I came to work and got a call from Sharm who is presenting at the Manitoba Council for Exceptional Children Conference this afternoon on the topic of trauma. Here is the link: . Her workshop is titled: Cuddling the Porcupine: The Different Faces of Trauma (page 3 of the brochure). There must be a message in there somewhere. It’s for us to figure it out. I was supposed to conduct a workshop today titled “A Focused Approach Faculty Development” but it was cancelled due to low registration. My target audience was the Deans and Chairs of the college but apparently most of them are in San Diego at another conference. I mean seriously, why would anyone want to pick a conference in warm and sunny San Diego and miss out on my workshop in -25C (with a windchill this morning of -35C) Winnipeg? I know if I had the choice, I would be in San Diego too. Maybe next year, I can suggest that I offer the workshop in San Deigo or Florida or the Caribbean. I wonder if the college would go for that? It’s worth a try.  This evening is another long day at work.  I have to facilitate a focus group for some graduates of the Library Information Technology program. That should be interesting.  It will give me some useful information for renewing the program (I am a consultant in Quality Assurance in Curriculum at the college).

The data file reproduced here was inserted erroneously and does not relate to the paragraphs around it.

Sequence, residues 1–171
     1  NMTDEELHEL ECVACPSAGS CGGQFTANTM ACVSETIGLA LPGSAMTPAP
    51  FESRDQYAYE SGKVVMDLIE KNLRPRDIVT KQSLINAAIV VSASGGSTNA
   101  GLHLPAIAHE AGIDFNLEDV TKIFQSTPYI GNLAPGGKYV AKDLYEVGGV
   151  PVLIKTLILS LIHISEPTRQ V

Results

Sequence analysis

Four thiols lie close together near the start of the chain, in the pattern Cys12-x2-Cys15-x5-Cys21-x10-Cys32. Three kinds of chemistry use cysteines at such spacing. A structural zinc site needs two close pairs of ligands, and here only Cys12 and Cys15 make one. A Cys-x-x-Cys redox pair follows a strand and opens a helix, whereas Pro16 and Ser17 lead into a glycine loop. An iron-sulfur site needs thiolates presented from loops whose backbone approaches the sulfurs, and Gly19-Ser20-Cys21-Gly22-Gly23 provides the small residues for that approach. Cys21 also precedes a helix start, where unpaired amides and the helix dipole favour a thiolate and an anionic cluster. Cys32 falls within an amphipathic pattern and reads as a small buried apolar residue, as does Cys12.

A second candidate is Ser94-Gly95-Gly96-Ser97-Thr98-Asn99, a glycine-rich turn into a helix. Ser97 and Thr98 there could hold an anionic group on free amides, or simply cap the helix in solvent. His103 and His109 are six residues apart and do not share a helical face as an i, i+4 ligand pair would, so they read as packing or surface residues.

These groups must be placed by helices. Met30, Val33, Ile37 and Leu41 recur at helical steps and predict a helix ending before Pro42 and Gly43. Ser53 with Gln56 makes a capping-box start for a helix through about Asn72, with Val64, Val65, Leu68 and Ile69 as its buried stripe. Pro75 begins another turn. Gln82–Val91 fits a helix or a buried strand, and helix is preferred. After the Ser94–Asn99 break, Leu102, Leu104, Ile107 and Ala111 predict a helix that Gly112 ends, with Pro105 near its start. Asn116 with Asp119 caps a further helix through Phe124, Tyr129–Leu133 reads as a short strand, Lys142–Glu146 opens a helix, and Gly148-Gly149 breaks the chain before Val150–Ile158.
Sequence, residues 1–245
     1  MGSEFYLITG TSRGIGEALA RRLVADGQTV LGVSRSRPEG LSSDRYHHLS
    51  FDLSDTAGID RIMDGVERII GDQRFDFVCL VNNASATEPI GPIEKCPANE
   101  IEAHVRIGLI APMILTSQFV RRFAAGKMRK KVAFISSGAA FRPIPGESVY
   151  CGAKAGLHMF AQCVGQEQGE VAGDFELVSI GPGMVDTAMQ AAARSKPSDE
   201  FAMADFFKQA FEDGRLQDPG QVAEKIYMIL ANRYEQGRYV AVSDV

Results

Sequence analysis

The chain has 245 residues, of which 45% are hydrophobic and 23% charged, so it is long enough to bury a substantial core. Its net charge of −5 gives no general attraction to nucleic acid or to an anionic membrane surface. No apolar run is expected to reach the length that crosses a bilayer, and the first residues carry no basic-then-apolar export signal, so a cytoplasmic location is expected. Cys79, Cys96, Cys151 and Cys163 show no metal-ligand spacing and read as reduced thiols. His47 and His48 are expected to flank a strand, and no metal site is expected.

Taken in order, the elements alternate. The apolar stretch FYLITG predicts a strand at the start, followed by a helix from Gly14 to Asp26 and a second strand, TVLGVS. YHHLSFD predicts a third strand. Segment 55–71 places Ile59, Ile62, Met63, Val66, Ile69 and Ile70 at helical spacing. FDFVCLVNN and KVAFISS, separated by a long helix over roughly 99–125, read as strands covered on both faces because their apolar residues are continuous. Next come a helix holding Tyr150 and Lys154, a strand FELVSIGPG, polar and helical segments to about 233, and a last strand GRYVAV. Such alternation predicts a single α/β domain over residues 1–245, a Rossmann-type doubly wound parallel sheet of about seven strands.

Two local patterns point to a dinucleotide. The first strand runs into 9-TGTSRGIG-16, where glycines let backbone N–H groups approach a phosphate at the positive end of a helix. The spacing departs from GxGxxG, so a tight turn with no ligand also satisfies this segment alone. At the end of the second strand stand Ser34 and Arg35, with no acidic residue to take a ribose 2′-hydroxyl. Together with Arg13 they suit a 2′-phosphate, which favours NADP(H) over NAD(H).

BTW, you are welcome to post a comment on the blog – about anything or something specific that you feel like saying.

Take care all and have a great weekend.  
I hope my grandbabies are well enough this weekend for me to spend some time with them.  Look through some of the blog posts from May 2009 and you'll see how cute all four of them are!  I'll have to update my pictures soon.

1 comment:

  1. In response to "Cuddling the Porcupine"
    It is to symbolize the kids that come into the clinic. They are prickly, not always the most liked, and really had to get close to. Once they are connected, they are caring, loving and wonderful.
    It's what we strive for; to cuddle the uncuddle-able.
    ps the presentation wen awesome, more that 100 people turnout. Pretty good for 1st time presentation.
    Your grandbabies are much better and are looking forward to a visit!